Under this setting, his unbending approach to and fiery speeches about the Black problems in the United States pitted him against other African American leaders who had championed the Black cause before he came on the scene. He adopted a militant approach and saw their moderate approach outlined through strategies such as boycotts, freedom-rides and sit-ins, as inadequate to address the Black predicament. Malcolm X called the Black leaders like Roy Wilkins, Whitney M. Young, Martin Luther King, Jr, among others, as the “Big Six” .The Black Muslims constantly asked these leaders such questions like: “why would any proud African American … ask, beg, and boycott to be integrated with former slave-holders?” Furthermore, the Muslims’ campaigns for liberation in the United States involved a call for a separate state for Black Americans in the country. Malcolm X, at the head of this campaign, would stress that their population of “20,000,000 black men” was quite enough to sustain an independent Black nation “here in the wilderness of North America”. In 1963, he elaborated on this subject:
The Honorable Elijah Muhammad teaches separation simply because any forcible attempt to integrate America completely would result in another civil war, a catastrophic explosion among whites which would destroy America – and still not solve the problem. But Mr. Muhammad’s solution of separate black and white would solve the problem neatly for both the white and black man, and America would be saved. Then the whole world would give Uncle Sam credit for being something other than a hypocrite.
Malcolm X’s disagreements with the moderate African–American leaders deepened on August 20, 1963 when they demonstrated under the banner of a “March on Washington” where Martin Luther King Jr made his famous “I have a dream speech.” This demonstration attracted an estimated 250,000 people comprising both Black and White. Malcolm X berated this event as a circus show because, through the intervention of the government of John F. Kennedy, the defiance underlying the need for Black revolution was reduced to mere demonstrations. He pilloried them saying:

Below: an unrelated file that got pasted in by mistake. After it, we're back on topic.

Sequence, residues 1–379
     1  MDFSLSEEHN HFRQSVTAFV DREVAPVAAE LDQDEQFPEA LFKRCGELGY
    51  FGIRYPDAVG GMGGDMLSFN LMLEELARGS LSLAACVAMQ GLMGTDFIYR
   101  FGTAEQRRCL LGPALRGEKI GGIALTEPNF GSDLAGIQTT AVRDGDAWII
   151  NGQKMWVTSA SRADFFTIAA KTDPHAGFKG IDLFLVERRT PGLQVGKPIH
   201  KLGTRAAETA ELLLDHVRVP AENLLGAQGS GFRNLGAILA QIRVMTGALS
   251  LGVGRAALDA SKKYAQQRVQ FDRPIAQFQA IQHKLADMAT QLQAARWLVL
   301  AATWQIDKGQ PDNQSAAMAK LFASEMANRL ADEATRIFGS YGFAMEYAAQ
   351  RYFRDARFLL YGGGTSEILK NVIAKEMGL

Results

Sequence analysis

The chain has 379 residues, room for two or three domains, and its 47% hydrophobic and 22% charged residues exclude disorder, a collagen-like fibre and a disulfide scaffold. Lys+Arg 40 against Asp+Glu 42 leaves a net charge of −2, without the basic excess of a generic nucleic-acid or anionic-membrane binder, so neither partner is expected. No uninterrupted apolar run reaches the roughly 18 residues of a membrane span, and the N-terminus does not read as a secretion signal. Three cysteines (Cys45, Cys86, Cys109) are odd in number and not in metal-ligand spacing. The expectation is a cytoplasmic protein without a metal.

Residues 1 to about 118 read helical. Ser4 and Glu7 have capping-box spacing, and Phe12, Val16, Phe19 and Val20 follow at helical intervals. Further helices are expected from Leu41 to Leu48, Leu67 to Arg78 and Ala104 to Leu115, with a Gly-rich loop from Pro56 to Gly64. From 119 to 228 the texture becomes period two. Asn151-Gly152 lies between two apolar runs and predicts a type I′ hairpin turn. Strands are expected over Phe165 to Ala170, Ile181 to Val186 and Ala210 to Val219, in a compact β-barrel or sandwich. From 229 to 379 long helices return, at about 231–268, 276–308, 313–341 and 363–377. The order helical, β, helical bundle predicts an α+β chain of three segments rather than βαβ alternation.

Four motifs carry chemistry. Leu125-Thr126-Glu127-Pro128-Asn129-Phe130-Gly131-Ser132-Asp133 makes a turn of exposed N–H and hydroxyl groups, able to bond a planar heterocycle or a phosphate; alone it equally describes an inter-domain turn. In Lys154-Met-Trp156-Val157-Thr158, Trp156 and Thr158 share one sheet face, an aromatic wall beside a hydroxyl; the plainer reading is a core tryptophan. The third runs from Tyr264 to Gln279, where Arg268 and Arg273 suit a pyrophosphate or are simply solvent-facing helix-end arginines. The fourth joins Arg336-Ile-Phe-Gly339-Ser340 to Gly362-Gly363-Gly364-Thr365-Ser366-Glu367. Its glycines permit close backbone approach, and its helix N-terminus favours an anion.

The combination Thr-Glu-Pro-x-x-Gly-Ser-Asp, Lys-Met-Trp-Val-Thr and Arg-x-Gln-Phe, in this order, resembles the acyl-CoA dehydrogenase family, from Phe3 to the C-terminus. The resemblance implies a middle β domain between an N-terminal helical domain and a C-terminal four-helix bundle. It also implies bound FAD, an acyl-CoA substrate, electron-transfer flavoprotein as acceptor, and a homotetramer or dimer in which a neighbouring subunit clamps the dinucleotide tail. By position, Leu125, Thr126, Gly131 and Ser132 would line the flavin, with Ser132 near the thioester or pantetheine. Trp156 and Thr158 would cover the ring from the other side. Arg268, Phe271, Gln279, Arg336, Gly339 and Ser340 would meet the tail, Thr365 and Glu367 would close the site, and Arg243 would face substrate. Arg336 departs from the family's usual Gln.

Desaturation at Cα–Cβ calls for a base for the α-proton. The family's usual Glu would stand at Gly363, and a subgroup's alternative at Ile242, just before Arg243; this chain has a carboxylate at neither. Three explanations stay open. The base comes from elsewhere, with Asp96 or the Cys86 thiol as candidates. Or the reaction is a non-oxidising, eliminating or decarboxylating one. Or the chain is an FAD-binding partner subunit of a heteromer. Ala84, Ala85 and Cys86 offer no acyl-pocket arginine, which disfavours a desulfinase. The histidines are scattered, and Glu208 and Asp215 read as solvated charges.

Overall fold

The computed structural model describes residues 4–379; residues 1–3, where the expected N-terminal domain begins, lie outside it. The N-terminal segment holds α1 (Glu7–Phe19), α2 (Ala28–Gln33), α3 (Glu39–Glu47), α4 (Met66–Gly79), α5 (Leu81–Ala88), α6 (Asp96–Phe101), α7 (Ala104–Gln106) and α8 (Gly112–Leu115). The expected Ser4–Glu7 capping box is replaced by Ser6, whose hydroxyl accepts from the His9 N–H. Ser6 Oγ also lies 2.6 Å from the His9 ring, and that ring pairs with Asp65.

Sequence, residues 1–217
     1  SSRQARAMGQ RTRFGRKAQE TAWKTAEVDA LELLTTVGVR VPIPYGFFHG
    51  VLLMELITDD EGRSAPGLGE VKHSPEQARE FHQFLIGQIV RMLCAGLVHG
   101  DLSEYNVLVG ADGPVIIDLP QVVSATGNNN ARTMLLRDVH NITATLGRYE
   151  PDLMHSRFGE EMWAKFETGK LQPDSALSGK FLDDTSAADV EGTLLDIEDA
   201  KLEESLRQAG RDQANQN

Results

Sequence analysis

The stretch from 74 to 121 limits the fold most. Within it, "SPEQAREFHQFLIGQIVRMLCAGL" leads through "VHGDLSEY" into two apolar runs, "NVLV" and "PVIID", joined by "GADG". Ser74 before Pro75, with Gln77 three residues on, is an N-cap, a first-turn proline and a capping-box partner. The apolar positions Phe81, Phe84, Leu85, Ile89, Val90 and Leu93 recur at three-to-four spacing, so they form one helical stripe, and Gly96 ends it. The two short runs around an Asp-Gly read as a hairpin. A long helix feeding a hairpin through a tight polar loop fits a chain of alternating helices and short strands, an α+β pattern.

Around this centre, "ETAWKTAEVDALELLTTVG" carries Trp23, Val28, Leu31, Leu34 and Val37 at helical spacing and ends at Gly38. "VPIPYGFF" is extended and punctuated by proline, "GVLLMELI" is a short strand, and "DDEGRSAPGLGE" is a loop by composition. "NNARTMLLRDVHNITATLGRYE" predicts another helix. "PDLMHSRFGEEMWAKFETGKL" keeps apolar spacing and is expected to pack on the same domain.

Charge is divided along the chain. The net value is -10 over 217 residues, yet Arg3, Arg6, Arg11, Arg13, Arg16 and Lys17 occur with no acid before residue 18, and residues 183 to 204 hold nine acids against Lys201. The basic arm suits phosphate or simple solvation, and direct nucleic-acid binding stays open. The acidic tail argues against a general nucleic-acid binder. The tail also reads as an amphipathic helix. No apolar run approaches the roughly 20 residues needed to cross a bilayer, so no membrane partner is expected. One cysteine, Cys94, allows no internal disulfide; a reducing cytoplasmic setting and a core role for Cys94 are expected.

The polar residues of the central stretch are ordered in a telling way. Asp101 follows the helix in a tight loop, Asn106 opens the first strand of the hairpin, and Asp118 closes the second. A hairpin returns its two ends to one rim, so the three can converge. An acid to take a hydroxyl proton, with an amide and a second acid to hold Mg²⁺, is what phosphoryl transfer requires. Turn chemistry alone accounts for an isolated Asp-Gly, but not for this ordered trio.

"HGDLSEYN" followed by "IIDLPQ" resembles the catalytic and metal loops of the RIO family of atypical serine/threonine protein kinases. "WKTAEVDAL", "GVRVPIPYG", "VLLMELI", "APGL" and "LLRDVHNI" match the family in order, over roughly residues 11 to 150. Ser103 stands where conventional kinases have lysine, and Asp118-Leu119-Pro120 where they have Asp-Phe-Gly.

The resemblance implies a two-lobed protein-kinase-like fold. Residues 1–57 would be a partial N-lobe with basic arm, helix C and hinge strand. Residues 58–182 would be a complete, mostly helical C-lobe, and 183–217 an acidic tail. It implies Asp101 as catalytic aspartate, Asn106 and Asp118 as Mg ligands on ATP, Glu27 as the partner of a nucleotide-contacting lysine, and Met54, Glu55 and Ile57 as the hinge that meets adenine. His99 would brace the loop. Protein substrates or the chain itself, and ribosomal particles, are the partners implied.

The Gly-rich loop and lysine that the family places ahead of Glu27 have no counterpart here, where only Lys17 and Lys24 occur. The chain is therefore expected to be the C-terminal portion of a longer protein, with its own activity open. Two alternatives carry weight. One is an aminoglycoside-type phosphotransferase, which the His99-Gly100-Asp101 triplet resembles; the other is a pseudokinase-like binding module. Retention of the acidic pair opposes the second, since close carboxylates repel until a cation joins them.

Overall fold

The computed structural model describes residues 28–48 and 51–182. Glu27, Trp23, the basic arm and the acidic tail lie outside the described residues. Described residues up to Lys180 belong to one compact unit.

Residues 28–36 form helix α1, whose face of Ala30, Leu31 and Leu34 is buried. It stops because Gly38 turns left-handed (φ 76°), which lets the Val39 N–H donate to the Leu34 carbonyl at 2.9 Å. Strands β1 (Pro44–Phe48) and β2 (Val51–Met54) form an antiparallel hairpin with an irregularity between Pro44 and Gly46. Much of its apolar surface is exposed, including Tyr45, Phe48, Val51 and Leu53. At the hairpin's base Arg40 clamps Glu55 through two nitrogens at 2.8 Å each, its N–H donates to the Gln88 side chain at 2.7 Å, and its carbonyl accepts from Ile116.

Yes, I was there. I observed the circus. Who ever heard of angry revolutionists all harmonizing “We Shall Overcome … Suum Day …” while tripping and swaying along arm–in-arm with the very people they were supposed to be angrily revolting against? Who ever heard of angry revolutionists swinging their bare feet together with their oppressor in lilypad park pools, with gospels and guitar and “I have a Dream” speeches?
But then, contrary to his pessimism about this historical march, it had major impact on American history such as the passage of the Civil Rights legislations and huge influence on anti war, feminist and environmental movements in the country.
Against this background, the first phase of Malcolm X’s leadership at the Nation of Islam in a nutshell, was devoted to the building of the image of his leader, Elijah Muhammad, the call for a separate state for Blacks in America and his disagreement with other Black American leaders on the Civil Rights movements. Most importantly, this phase elevated Malcolm X as one of the foremost speakers in the United States then. According to him: